Local Government Finance — Statement

Part of the debate – in the House of Lords at 2:57 pm on 17th December 2015.

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Photo of Baroness Williams of Trafford Baroness Williams of Trafford The Parliamentary Under-Secretary of State for Communities and Local Government 2:57 pm, 17th December 2015

My Lords, I thank both noble Lords. I have been busily jotting down notes and will try to respond to them as effectively as I can.

First, I thank the noble Lord, Lord Beecham, for his gladness at seeing some certainty in the funding over the next few years. Perhaps I may address some of his concerns, particularly about the efficiencies that local government has had to make since 2010 and going forward. Nobody could deny that the efficiencies the public sector has had to make have been, by their nature, very difficult. Everybody in the public sector has had to bear the brunt of the need to reduce the deficit, and I commend local authorities for the work they have done over the last five years. They have been innovative and enterprising, and satisfaction with local authorities has been either maintained or improved.

The noble Lords, Lord Beecham and Lord Shipley, are absolutely right about the revenue support grant. It will reduce to virtually nothing by 2020 and the figure for this year shows a reduction, because of the increasing localisation of business rates. Local authorities now retain approximately 50% of their business rates and they will retain 100% by 2020. Mayoral areas will be able to increase their business rates in due course.

The noble Lord, Lord Beecham, talked about social care. A precept can be raised for social care which will be 2% above the 2% cap that triggers a referendum on council tax. The noble Lord may be interested to know that for Newcastle, this would mean £20.7 million by 2020.

The noble Lord also mentioned the comments of my noble friend Lord Porter. I am sure that in due course my noble friend will want to speak for himself. However, today he said:

“The government has listened to what councils said we need and has delivered. More independence to serve our communities, a fair financial settlement for all types of councils, more resources to help care for the elderly and the certainty of long-term budgets”.

That is really welcome and I wish that it had been in place when I was a leader. My noble friend went on to say:

“This settlement should mark the beginning of a new age of independence and responsibility for local councils. In local government we will make a success of it, building on the hard work of the last five years.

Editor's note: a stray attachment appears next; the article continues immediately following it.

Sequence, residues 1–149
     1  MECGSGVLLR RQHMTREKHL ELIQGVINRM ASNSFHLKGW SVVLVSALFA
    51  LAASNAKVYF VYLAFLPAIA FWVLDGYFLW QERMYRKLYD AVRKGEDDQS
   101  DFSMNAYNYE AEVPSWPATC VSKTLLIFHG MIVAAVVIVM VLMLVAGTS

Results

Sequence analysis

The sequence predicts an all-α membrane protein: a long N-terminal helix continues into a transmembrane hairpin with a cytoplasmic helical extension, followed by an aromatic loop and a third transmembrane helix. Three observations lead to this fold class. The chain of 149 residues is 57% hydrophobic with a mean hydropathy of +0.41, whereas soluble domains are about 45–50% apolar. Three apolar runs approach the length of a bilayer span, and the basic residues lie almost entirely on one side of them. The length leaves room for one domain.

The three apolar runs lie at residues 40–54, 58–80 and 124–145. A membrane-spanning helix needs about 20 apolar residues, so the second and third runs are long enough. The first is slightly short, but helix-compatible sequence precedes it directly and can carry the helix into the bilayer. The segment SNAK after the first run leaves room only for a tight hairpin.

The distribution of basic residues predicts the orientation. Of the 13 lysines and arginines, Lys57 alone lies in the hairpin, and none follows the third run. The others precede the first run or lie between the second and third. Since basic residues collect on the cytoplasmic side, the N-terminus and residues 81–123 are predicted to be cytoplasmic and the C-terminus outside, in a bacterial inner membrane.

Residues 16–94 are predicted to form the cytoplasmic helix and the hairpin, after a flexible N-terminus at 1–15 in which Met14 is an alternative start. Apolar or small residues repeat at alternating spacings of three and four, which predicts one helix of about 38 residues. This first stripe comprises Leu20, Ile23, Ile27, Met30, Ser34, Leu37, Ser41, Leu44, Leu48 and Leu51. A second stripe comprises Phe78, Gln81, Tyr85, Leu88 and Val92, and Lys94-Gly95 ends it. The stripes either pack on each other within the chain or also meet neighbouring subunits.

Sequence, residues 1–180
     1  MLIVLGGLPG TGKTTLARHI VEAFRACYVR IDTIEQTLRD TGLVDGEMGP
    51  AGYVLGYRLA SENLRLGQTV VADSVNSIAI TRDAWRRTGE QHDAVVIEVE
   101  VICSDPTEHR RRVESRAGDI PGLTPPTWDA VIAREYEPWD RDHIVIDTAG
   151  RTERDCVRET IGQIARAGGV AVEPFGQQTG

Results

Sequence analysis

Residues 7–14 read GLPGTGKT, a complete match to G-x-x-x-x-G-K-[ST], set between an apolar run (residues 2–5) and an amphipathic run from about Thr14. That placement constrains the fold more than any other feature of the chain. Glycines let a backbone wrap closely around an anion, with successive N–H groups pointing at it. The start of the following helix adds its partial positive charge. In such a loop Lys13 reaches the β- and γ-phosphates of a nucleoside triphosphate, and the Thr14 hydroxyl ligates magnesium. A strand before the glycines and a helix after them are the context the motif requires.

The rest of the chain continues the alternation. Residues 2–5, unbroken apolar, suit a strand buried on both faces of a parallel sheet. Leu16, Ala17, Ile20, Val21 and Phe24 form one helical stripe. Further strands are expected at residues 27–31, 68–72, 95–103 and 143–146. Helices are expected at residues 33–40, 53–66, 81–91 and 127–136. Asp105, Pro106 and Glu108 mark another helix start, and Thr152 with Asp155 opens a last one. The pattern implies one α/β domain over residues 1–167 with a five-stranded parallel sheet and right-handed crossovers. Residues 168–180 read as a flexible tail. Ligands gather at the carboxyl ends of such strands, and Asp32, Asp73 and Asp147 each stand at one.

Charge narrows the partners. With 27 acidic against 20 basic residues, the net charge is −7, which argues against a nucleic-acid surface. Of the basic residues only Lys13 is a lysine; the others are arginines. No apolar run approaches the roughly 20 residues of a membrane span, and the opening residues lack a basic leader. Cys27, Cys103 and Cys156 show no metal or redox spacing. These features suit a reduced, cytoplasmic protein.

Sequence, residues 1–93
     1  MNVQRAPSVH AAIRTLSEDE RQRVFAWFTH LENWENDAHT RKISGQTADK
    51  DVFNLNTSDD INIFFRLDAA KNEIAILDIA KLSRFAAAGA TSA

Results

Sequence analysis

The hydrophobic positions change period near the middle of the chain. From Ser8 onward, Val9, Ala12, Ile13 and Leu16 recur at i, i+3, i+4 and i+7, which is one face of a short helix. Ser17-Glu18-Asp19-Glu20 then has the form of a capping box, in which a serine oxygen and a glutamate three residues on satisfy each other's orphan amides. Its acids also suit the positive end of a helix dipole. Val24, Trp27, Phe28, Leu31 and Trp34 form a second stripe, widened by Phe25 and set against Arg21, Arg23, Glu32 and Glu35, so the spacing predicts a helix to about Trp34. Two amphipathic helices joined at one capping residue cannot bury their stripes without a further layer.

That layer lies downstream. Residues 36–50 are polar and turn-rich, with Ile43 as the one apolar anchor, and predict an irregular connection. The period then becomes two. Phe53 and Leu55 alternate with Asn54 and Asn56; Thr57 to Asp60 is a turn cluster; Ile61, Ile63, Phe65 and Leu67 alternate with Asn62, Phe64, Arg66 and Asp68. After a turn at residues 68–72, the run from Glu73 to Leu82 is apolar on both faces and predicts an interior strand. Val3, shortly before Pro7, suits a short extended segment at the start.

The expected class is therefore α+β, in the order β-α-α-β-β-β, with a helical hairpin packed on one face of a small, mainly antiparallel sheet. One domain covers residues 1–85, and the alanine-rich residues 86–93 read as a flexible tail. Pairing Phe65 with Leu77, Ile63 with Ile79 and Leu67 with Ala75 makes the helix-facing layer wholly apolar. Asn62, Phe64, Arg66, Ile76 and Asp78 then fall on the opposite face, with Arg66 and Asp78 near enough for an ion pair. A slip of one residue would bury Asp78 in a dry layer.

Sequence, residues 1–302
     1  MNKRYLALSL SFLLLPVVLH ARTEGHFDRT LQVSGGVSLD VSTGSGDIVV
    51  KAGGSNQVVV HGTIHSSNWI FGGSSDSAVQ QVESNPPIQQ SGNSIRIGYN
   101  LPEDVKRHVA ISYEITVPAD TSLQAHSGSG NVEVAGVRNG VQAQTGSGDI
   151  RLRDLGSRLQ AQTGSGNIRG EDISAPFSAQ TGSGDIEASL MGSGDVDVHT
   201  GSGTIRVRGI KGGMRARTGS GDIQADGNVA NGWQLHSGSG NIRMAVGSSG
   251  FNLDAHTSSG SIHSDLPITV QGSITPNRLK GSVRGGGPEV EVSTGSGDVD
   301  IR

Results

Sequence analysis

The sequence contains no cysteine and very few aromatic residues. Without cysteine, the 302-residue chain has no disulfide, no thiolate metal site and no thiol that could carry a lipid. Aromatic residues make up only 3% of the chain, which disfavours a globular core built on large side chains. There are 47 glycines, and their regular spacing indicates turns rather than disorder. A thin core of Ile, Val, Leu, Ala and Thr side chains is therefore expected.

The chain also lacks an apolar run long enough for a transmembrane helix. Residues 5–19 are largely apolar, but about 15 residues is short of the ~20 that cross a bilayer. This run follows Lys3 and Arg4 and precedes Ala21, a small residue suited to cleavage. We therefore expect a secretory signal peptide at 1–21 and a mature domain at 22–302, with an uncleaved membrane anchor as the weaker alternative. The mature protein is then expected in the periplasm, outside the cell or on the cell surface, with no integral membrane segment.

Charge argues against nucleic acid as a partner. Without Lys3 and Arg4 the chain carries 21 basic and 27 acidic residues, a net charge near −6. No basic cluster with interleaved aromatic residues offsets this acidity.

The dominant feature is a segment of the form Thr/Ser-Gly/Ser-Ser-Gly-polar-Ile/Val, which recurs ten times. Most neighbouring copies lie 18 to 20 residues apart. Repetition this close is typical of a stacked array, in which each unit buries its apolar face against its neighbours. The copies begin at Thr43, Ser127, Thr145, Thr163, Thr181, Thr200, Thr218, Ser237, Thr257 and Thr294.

Councils will be in greater control of their own destiny. It is an exciting time to be a councillor and this reform gives us … the biggest chance for a generation to serve our residents in a way that we know best”.

The noble Lord, Lord Beecham, also asked about attendance allowance. We will be consulting on the devolution of that.

The noble Lord, Lord Shipley, talked about the concerns of the National Audit Office and the Public Accounts Committee. Within local authorities there is a Section 151 officer who, every year during the budget process, comments on the sustainability or otherwise of a council’s budget. We believe that local authorities and local areas are best placed to know the dangers or otherwise of their future funding and, to my knowledge, no Section 151 officer has made an adverse statement on sustainability.

The noble Lord also asked about the £1.52 billion to complement the precept. The local authorities that are least able to raise the funding will be protected by a greater proportion of that £1.52 billion. I think that recognises, fairly, that those local authorities still have to provide social care. Local authority leaders have said to us that they need £2.9 billion. We will be providing £3.5 billion over the next few years, so I hope that gives the noble Lord some satisfaction.

The noble Lord also talked about poorer areas being likely to get poorer because of the RSG reducing to nothing by 2020. There will definitely be some form of equalisation. Councils such as Westminster raise well over £1 billion in business rates and other local authorities may see reductions. For the latter there will also be some sort of floor protection through business rate equalisation.